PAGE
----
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Stable prices keep food insecurity at minimal levels

  • Remote Monitoring Report
  • Guinea
  • February 2014
Stable prices keep food insecurity at minimal levels

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  • Key Messages
  • Projected outlook through June 2014
  • Key Messages
    • A slightly above-average national grain harvest and widespread harvests of market garden crops are creating generally good food security conditions. Households in most parts of the country are currently able to meet their basic needs without resorting to any negative coping strategies. Minimal (IPC Phase 1) levels of food insecurity are expected through at least the month of June.
    • Markets are well-stocked and prices for staple foods, such as rice, maize, millet, and fonio, were relatively stable between December and January. At the household-level, grain stocks are also normal. This is attributable to good 2013/14 crop production levels which continue to sufficiently meet demand in consumption areas of the country.

    ZONE

    CURRENT ANOMALIES

    PROJECTED ANOMALIES

    There are no anomalies expected to have a major impact on food security at this time or during the remainder of the outlook period.

     


    Projected outlook through June 2014

    The current food security situation is shaped by the end of the harvesting period for coarse grain crops and ongoing widespread harvests of off-season crops. Normal levels of income from crop sales and farm labor are helping agricultural households improve their food access.

    The preliminary food balance sheet shows a national surplus of approximately 567,755 metric tons of locally grown rice. In addition, traders have large carry-over stocks of imported rice from 2012/2013 that they were unable to sell. As a result, projected commercial rice imports for 2014 are expected to be 210,000 metric tons, which compares to 272,487 MT last year. These imports should help ensure regular market supply across the country.

    In general, January prices for local and imported rice were stable compared with previous months, aside from small dips in the price of locally grown rice on certain markets due to the arrival of recently harvested crops. However, the price of locally grown rice in Kankan was 21 percent higher than January 2013’s levels due to stronger demand on that market. In the coming months, good market supplies are expected to keep prices relatively stable through April/May, at which point there could be a slight rise in prices in line with normal seasonal trends as household demand grows on local markets.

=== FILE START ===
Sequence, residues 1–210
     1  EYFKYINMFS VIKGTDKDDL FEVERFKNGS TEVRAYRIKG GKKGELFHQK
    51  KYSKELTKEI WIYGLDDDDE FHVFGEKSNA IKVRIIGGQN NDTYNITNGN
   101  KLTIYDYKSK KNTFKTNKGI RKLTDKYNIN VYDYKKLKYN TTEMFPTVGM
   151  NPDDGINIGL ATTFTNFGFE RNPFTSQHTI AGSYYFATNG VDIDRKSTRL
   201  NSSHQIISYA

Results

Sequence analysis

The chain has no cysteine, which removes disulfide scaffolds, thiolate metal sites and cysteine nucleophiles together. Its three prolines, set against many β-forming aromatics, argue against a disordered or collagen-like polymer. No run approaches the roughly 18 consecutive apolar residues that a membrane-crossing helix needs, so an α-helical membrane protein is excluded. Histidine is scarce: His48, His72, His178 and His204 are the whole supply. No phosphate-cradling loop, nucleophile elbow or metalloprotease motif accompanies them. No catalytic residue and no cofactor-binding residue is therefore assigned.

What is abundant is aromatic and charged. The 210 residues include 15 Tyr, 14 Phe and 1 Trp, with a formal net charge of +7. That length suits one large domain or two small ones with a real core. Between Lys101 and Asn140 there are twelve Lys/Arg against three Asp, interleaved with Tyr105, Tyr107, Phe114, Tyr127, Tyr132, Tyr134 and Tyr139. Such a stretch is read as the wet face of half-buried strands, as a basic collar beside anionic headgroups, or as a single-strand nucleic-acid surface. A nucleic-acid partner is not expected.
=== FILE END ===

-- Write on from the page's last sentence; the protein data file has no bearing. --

Income-generating activities, such as cultivating off-season crops and selling agricultural and forest products, are producing normal levels of household income. This in turn is helping to improve staple food access for households. Thus, Minimal (IPC Phase 1) levels of acute food insecurity are expected through June 2014.

    Figures Seasonal calendar in a typical year

    Figure 1

    Seasonal calendar in a typical year

    Source: FEWS NET

    Prices of locally grown rice on major markets tracked by FEWS NET (in FG/kg)

    Figure 2

    Prices of locally grown rice on major markets tracked by FEWS NET (in FG/kg)

    Source: SIPAG GUINEA

    Prices of imported rice on major markets tracked by FEWS NET (in FG/kg)

    Figure 3

    Prices of imported rice on major markets tracked by FEWS NET (in FG/kg)

    Source: SIPAG GUINEA

    Figure 4

    Source:

    In remote monitoring, a coordinator typically works from a nearby regional office. Relying on partners for data, the coordinator uses scenario development to conduct analysis and produce monthly reports. As less data may be available, remote monitoring reports may have less detail than those from countries with FEWS NET offices. Learn more about our work here.

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